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Gynecol Oncol. 2009 Sep;114(3):442-7. doi: 10.1016/j.ygyno.2009.06.005. Epub 2009 Jun 26.

A multicenter evaluation of sequential multimodality therapy and clinical outcome for the treatment of advanced endometrial cancer.

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1
Gynecologic Oncology, Duke Comprehensive Cancer Center, Duke University Medical Center, Durham, NC 27710, USA. secor002@mc.duke.edu

Abstract

OBJECTIVES:

The appropriate sequencing of chemotherapy and radiation for the treatment of advanced endometrial cancer has not yet been determined. We sought to evaluate the outcome and adverse effects in patients with advanced stage endometrial cancer treated with postoperative chemotherapy and radiation to determine whether there was an advantage to a particular sequencing modality.

METHODS:

A multicenter retrospective analysis of patients with surgical stages III and IV endometrial cancer from 1993 to 2007 was conducted. Inclusion criteria were comprehensive staging procedure including hysterectomy, bilateral salpingo-oophorectomy, +/- selective pelvic/aortic lymphadenectomy, and treatment with adjuvant chemotherapy and radiation. Differences in frequencies of adverse events were tested with Pearson's chi-square test for comparing proportions. OS and PFS rates were calculated using Kaplan-Meier estimates. Hazard Ratios (HR) were estimated from multivariate Cox proportional hazards models.

RESULTS:

One hundred and nine patients with advanced stage endometrial cancer were identified who received postoperative adjuvant therapies; 41% (n=45) chemotherapy followed by radiation and then further chemotherapy (CRC), 17% (n=18) radiation followed by chemotherapy (RC), and 42% (n=46) chemotherapy followed by radiation (CR). The median age was 62 years (range: 35-83); 48% had endometrioid tumors; and 90% underwent optimal cytoreduction. There was no difference in the frequency of adverse effects due to either chemotherapy (p=0.35) or radiotherapy (p=0.14); dose modifications (p=0.055); or delays (p=0.80) between the various sequencing modalities. There was a significant difference between adjuvant treatment groups for both OS (log rank p=0.011) and PFS (log rank p=0.025), with those receiving CRC having a superior 3-year OS (88%) and PFS (69%) compared to RC (54% and 47%) or CR (57% and 52%). After adjusting for stage, age, grade, race, histology and cytoreduction status the OS HR for therapy was 5.74 (95% CI, 1.96 to 16.77) for RC and 2.60 (95% CI, 1.01 to 6.71) for CR, compared to CRC, p=0.003. When the analysis was restricted to optimally cytoreduced patients, those who were treated with RC were at higher risk for disease progression [HR=3.53 (95% CI, 1.29 to 9.71)], p=0.024, and death [HR=7.24 (95% CI, 2.25 to 23.37)], p=0.001, than patients who received sequential CRC.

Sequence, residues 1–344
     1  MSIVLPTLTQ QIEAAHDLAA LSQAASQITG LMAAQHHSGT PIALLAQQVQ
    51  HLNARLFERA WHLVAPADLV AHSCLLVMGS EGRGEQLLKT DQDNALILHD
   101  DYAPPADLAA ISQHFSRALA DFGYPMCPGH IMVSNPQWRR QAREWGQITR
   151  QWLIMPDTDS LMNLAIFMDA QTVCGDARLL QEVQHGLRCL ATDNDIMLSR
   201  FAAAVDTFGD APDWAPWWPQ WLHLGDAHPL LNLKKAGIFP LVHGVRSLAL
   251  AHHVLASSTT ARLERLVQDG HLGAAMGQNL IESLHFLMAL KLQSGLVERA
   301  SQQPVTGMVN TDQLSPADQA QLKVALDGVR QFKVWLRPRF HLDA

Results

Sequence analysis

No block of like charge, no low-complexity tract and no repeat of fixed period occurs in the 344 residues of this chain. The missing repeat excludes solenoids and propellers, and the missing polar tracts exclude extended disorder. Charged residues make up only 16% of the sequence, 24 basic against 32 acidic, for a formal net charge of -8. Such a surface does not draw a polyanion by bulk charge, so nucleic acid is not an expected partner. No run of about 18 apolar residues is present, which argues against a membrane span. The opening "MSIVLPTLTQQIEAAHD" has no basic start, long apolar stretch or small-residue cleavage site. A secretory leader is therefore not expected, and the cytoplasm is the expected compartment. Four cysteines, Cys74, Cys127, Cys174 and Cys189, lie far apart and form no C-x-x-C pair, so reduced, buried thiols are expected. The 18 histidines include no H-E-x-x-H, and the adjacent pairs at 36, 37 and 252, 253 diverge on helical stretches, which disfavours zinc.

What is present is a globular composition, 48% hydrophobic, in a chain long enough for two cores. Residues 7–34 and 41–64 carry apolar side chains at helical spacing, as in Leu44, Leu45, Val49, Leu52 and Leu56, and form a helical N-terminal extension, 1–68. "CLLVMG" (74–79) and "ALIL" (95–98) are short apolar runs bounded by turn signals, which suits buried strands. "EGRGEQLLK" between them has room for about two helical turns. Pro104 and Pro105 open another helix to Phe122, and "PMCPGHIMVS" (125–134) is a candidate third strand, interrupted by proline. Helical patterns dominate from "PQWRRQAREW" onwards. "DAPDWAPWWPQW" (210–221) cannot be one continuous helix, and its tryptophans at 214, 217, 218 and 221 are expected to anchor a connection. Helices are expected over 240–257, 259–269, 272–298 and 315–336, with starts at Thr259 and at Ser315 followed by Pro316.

CONCLUSIONS:

Sequential CRC was associated with improved survival in women with advanced stage disease compared to other sequencing modalities with a similar adverse effect profile. Future clinical trials are needed to prospectively evaluate appropriate sequencing and types of adjuvant chemotherapy and radiotherapy for the treatment of advanced stage endometrial cancer.

PMID:
19560193
DOI:
10.1016/j.ygyno.2009.06.005
[Indexed for MEDLINE]
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